Mon. Jul 15th, 2024

The Italian Air Force has suspended plans to purchase Boeing KC-46 Pegasus aircraft

Natasha Kumar By Natasha Kumar Jul6,2024

Italian Air Force Suspends Plans to Acquire Boeing KC-46 Pegasus Aircraft

The Italian Air Force has unexpectedly decided to suspend its plans to acquire a fleet of Boeing KC-46 Pegasus aerial refueling aircraft .

In a statement published on June 24, Aeronautica Militare informed the Italian Ministry of Defense of its decision to suspend the procurement process for six new KC-46 Pegasus refueling aircraft due to the emergence of “changing and unpredictable needs”.

Aeronautica Militare (AM) currently operates a fleet of four Boeing 767-200ER -Extended Range- based civilian KC-767A aircraft for strategic transport missions and aerial refueling, but it wanted six of the type to meet its growing operational tasks .

Initially, the plan was to purchase only two additional Boeing 767-300 aircraft and modify them for multi-role transport and aerial refueling missions, as well as to upgrade the four KC-767A aircraft in service to match the equipment of the future fleet of six aircraft, but this the option was rejected by the technical committee.

This technical/administrative committee, responsible for analyzing options for meeting AM requirements, recommended the purchase of six new KC-46As from Boeing in a configuration compatible with the aircraft being received by the US Air Force, costing approximately €1.12 billion.

But the process was finally shelved, with the Italian Air Force tight-lipped about the reasons for the change in decision. The reason may be that as of January of this year, the KC-46 continues to have six Category 1 deficiencies. According to the US Air Force classification, Category 1 deficiencies – these are serious malfunctions that can result in serious injury, death, or even loss of the aircraft. Most of the shortcomings are related to the remote vision system (RVS), which allows the controller to manipulate the fuel injection boom. Lighting problems, poor image quality, and a distorted image of the aircraft resulted in several rough collisions, bumps, and rips with the receiving aircraft.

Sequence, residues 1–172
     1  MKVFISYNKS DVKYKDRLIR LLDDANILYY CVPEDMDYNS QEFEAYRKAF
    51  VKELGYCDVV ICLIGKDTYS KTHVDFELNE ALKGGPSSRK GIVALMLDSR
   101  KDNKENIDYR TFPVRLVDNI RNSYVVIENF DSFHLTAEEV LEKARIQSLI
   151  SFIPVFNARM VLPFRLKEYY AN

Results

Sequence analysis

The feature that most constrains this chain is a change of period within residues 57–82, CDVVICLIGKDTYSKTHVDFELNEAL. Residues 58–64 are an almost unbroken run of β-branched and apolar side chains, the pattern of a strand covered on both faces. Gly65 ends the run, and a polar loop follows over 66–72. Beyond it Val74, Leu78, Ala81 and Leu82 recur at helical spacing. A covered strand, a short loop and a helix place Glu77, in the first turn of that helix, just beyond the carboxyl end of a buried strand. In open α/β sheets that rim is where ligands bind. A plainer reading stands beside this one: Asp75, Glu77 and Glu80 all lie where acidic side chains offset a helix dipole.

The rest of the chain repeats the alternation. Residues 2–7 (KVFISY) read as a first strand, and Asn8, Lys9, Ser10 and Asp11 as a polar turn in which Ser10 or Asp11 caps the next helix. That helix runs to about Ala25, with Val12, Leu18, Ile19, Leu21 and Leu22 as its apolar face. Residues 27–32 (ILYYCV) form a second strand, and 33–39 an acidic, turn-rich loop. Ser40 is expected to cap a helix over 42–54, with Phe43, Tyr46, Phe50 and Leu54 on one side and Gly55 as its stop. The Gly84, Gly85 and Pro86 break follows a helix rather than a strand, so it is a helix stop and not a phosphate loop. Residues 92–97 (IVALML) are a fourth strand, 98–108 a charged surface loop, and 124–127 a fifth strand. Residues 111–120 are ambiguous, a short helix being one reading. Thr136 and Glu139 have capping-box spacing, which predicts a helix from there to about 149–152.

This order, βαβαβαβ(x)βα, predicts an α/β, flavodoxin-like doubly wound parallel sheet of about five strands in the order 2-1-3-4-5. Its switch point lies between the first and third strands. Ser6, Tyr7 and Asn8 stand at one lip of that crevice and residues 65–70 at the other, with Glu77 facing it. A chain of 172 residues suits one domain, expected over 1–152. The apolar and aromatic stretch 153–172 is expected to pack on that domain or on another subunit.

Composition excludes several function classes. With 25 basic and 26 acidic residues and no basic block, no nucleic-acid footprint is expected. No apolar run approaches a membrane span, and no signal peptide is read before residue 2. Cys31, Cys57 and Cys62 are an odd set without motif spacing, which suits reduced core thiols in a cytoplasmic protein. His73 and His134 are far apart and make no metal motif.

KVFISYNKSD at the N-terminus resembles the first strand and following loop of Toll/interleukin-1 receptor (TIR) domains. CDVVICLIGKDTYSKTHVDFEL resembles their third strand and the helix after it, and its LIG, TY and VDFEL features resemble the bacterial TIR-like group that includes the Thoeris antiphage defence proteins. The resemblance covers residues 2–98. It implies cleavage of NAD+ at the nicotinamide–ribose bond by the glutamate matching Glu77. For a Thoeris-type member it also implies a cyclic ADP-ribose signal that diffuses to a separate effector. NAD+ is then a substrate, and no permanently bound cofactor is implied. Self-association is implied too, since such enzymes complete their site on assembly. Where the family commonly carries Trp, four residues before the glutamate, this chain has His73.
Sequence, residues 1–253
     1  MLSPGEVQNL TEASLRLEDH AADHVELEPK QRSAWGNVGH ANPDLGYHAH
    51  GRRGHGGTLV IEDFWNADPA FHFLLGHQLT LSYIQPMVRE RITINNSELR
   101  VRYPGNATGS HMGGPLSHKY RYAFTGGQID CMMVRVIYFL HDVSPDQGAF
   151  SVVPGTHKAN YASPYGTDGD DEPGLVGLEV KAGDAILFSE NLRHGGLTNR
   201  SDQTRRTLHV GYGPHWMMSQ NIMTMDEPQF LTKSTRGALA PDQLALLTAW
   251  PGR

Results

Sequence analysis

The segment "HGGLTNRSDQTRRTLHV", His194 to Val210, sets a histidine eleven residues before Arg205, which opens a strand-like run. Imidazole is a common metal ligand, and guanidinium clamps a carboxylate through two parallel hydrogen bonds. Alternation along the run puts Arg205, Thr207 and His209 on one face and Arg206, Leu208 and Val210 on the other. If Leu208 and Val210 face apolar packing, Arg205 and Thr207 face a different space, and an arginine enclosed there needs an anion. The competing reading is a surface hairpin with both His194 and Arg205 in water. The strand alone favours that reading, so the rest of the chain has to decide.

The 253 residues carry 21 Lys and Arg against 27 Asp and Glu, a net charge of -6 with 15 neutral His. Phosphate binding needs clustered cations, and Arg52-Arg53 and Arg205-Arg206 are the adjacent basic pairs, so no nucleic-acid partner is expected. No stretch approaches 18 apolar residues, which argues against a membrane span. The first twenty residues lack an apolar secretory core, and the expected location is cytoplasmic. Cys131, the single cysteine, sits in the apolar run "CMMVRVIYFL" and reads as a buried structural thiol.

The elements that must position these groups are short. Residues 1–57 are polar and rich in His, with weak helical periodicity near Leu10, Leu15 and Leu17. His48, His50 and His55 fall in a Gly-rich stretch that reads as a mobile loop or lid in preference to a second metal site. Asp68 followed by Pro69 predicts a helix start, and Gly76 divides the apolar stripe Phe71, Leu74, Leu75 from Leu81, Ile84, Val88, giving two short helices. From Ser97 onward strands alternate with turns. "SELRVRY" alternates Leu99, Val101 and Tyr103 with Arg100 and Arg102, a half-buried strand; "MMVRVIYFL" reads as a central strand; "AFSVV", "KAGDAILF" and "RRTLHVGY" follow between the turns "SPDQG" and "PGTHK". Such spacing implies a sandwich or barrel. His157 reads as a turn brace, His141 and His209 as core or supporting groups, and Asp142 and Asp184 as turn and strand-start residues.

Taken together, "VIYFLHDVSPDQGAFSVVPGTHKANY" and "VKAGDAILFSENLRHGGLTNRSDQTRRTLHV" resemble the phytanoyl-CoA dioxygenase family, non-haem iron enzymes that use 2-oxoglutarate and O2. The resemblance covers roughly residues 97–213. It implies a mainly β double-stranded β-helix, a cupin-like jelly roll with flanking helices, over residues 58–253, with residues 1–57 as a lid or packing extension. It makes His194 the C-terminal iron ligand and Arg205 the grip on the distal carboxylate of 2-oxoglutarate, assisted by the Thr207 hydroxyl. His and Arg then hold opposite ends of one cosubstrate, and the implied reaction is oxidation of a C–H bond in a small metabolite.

Natasha Kumar

By Natasha Kumar

Natasha Kumar has been a reporter on the news desk since 2018. Before that she wrote about young adolescence and family dynamics for Styles and was the legal affairs correspondent for the Metro desk. Before joining The Times Hub, Natasha Kumar worked as a staff writer at the Village Voice and a freelancer for Newsday, The Wall Street Journal, GQ and Mirabella. To get in touch, contact me through my 1-800-268-7116

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